The inherent dangers of dealing with the paranormal or occult are based upon empirical evidence and subjective opinion. We of the ministry—as well as true believers of the paranormal/occult—can cite innumerable examples of how people were somehow oppressed, possessed, physically attacked, or even killed by forces unseen. These same case histories are often debunked by skeptics who at best can be attributed with simply seeking rational answers to the unexplained. In some cases of oppression or even possession, skeptics claim mental illness on the part of the victim. In cases of physical attack they once again victimize the aggrieved person or persons by claiming mental illness contributing to hallucination or even self-mutilation.
Admittedly even I have been associated with cases in which I came to the conclusion that the victim was simply suffering from a paranormal version of Munchausen’s Syndrome in which he or she was directly causing what only appeared to be paranormal activity or in rare instances drawing entities into their home due to their obsession with the paranormal. But in the same respect I have dealt with cases that I have no doubt were of diabolical origin.
One of my favorite books which I recommend to those seeking to study this particular realm of the paranormal, that of demonic possession, is titled Hostage To The Devil; The Possession and Exorcism of Five contemporary Americans. At least when the book was first published by Father Malichi Martin in 1976 the five victims were contemporary Americans, we have to admit that in the ensuing thirty-eight years Americans have changed considerably.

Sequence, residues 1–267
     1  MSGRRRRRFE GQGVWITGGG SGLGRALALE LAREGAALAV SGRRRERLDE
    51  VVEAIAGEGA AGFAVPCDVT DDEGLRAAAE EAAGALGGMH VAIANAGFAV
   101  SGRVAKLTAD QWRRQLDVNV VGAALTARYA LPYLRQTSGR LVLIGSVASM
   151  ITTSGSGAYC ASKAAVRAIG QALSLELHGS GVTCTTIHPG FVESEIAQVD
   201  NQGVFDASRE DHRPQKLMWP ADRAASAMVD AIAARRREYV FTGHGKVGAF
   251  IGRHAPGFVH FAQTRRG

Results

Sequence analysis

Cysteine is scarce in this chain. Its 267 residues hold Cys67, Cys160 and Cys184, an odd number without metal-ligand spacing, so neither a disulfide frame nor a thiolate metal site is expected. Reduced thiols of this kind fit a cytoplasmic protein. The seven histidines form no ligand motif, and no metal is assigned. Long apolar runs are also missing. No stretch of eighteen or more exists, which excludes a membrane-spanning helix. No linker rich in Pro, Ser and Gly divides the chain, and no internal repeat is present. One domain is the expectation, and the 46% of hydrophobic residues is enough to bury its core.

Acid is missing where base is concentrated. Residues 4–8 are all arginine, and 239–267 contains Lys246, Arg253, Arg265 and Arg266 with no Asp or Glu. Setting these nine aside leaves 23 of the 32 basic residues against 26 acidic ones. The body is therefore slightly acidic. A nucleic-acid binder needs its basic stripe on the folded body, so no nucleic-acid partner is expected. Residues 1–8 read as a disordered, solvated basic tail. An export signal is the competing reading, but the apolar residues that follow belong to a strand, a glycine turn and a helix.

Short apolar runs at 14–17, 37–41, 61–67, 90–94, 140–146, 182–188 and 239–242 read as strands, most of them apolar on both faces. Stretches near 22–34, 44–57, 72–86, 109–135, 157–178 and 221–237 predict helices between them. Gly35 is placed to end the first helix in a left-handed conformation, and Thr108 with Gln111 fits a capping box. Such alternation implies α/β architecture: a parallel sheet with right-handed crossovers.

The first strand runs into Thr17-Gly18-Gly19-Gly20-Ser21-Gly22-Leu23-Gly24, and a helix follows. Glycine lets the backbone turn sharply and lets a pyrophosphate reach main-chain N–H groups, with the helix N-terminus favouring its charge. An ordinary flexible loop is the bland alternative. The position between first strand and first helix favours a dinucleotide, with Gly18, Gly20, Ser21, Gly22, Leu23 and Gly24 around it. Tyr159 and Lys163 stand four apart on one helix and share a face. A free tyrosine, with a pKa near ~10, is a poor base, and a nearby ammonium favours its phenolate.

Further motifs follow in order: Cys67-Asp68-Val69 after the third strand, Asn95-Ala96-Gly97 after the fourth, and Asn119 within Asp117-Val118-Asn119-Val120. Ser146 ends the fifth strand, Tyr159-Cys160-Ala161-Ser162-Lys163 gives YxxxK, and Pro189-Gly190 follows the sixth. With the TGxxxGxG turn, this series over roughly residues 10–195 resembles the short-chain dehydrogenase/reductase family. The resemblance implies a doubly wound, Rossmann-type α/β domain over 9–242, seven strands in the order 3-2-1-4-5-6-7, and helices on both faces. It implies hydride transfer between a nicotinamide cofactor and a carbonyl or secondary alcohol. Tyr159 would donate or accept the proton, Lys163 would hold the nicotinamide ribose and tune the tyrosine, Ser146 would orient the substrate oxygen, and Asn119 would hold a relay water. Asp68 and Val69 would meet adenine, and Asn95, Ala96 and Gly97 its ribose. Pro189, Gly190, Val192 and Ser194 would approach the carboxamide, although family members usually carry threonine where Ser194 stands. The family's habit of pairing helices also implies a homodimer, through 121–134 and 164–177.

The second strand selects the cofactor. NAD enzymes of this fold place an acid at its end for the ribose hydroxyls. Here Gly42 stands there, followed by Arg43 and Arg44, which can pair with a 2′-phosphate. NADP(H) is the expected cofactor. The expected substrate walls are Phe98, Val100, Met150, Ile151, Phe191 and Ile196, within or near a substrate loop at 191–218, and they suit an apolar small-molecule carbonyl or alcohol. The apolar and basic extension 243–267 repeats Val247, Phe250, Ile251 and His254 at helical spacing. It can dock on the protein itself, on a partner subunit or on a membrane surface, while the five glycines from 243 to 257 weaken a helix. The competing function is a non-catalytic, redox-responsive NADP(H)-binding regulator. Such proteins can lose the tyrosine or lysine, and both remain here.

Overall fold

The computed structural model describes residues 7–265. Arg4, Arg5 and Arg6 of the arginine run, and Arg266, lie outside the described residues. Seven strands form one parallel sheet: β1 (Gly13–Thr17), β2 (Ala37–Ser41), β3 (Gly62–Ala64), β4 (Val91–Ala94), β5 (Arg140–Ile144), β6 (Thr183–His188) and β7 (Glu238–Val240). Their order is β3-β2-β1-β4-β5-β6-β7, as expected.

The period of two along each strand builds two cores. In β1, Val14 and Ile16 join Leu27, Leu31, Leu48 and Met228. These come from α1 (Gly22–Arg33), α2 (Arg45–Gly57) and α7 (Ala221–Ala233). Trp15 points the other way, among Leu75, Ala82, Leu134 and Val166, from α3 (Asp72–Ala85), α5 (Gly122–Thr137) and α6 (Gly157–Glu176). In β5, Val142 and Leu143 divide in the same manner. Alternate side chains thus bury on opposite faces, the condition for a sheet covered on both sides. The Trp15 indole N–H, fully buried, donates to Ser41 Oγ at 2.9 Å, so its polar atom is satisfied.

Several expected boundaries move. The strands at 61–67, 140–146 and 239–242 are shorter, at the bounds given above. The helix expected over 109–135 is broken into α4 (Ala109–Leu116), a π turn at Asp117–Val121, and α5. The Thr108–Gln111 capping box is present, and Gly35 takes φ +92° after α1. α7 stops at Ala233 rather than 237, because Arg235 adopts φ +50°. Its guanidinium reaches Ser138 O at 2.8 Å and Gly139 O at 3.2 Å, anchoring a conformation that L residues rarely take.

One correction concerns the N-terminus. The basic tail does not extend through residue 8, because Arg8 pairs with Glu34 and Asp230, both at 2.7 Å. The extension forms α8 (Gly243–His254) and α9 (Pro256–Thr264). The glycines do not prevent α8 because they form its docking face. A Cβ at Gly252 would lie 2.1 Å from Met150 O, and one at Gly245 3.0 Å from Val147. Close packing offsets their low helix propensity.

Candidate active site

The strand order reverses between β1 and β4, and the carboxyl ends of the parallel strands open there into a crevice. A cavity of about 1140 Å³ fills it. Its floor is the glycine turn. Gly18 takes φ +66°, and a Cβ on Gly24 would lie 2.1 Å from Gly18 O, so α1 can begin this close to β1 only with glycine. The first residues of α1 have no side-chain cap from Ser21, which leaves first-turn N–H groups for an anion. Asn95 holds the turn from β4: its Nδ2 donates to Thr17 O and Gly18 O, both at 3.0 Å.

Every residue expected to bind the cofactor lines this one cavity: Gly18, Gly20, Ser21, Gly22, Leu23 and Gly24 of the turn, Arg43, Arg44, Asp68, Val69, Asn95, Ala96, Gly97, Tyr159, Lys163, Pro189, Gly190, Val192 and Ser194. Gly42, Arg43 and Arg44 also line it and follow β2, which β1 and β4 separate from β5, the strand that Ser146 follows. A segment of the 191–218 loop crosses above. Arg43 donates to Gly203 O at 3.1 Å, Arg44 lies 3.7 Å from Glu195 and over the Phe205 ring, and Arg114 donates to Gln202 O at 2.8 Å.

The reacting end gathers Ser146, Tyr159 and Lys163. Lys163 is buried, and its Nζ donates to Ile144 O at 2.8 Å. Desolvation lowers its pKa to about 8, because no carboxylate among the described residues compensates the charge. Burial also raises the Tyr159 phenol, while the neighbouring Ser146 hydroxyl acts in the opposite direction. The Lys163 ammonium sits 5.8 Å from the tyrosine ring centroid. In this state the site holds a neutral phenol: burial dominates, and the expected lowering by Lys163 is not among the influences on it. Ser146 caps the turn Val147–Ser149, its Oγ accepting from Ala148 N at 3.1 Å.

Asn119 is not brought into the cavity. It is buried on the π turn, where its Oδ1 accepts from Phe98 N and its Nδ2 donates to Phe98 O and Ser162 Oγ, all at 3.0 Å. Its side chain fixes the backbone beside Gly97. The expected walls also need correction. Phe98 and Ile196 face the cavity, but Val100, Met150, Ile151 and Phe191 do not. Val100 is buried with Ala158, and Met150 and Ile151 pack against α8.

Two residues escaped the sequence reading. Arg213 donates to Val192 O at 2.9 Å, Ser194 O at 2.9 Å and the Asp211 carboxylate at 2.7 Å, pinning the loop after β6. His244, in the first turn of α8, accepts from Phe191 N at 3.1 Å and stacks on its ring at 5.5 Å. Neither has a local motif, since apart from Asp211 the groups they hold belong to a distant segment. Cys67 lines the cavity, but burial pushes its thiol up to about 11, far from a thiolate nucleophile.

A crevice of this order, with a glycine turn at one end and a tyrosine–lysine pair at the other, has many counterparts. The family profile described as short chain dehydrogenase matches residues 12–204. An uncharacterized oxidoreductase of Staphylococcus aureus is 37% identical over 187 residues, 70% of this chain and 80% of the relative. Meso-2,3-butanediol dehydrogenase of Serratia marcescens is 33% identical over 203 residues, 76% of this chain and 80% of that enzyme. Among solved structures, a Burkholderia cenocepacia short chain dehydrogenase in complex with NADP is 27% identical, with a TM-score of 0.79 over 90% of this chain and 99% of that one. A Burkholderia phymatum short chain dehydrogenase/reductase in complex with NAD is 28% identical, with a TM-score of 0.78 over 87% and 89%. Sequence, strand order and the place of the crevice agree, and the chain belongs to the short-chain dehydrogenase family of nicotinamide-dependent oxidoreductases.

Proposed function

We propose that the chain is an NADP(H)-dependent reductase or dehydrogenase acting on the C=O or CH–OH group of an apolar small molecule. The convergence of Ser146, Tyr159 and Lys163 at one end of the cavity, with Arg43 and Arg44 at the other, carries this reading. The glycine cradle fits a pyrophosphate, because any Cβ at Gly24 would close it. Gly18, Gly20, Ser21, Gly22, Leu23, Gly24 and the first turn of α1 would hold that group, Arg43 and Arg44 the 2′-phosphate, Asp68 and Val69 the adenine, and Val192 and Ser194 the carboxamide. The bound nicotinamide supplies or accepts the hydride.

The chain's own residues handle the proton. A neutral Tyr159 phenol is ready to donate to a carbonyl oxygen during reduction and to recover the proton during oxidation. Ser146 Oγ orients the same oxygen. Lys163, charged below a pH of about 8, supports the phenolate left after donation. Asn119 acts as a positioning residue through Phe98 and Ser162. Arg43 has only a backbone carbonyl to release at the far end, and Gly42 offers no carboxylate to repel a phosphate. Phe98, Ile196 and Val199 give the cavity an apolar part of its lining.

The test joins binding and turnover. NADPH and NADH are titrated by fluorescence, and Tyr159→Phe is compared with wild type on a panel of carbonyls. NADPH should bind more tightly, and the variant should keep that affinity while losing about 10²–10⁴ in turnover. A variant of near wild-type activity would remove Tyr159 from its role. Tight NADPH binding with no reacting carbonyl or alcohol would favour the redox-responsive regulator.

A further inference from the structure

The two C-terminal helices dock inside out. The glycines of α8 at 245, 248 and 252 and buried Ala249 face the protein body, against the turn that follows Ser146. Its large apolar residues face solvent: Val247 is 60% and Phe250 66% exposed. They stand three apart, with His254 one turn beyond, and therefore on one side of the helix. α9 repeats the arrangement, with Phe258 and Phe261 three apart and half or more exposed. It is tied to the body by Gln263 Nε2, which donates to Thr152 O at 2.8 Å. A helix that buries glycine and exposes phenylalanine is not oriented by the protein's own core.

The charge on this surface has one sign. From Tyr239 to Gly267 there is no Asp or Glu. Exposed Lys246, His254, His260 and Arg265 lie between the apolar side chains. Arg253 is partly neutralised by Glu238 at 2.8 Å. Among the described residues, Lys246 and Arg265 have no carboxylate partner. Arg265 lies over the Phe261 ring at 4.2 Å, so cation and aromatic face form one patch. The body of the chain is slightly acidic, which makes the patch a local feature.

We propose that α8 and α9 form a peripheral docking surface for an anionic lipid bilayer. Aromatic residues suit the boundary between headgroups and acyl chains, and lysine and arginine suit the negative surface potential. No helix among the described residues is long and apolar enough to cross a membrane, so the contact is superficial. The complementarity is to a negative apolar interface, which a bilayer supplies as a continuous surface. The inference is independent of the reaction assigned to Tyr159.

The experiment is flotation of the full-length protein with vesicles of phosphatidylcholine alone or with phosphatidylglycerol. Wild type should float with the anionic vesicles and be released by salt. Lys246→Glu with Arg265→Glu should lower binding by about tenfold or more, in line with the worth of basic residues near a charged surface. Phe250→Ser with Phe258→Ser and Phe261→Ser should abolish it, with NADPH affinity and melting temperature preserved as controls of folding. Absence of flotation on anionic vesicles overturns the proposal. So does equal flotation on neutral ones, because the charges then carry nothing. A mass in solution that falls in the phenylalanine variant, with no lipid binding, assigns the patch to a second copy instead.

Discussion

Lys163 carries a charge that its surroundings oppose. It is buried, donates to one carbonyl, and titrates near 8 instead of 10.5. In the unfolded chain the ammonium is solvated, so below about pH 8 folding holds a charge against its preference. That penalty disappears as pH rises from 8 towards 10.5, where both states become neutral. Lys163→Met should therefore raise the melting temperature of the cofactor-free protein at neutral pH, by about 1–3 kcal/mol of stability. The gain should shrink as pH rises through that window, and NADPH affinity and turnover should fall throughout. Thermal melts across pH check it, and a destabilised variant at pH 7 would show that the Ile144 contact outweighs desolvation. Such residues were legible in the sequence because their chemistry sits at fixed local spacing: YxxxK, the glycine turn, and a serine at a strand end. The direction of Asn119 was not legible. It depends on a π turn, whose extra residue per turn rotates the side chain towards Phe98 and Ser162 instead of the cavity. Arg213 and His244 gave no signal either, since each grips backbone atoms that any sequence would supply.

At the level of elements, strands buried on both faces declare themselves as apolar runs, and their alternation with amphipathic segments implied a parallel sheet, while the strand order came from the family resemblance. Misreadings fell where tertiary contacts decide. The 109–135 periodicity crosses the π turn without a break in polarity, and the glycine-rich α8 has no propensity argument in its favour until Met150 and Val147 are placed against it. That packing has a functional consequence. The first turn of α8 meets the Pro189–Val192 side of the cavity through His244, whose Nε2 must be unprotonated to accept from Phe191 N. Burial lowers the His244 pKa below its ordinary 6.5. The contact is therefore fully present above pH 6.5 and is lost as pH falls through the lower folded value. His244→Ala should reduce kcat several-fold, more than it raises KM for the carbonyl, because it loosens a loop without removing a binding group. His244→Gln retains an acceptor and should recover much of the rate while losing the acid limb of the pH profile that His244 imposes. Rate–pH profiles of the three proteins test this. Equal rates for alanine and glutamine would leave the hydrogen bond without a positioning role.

Of these five cases the one that relates to this discussion is described in the chapter Fr. Martin named The Rooster and the Tortoise. A sad story of how a successful and brilliant psychologist answers his lifelong ambition of scientific investigation of parapsychology only to be victimized. You see this person Fr. Martin identifies only as Carl V. has believed all his life that he was having out of body experiences. He apparently wanted nothing more than to be able to leave his body and travel across the astral plane to distant lands, even into the far reaches of forgotten antiquity. It was on one of these adventures into the past that Carl V. became aware–very painfully– of the evil that was deceiving him.
Today we have an unknown number of people that like the Doctor Fr. Martin refers to as Carl V. and who want nothing more than to somehow experience this realm that the church has declared verboten. Frequently I work with those that are highly educated, scientifically skeptical, but yet have experienced what their science denies. These individual simply are seeking answers, trying to prove to themselves that what they personally witnessed was either real or a figment of their imagination. However the ones that I am the most concerned about are those that place their needs of the self, the needs of the ego above caution and seek out the unknown not for scientific reasons but for personal self-gratification or profit.
Even if the case of Carl V. is not true but simply fiction, the message is none the less relevant as any unhealthy obsession can be destructive.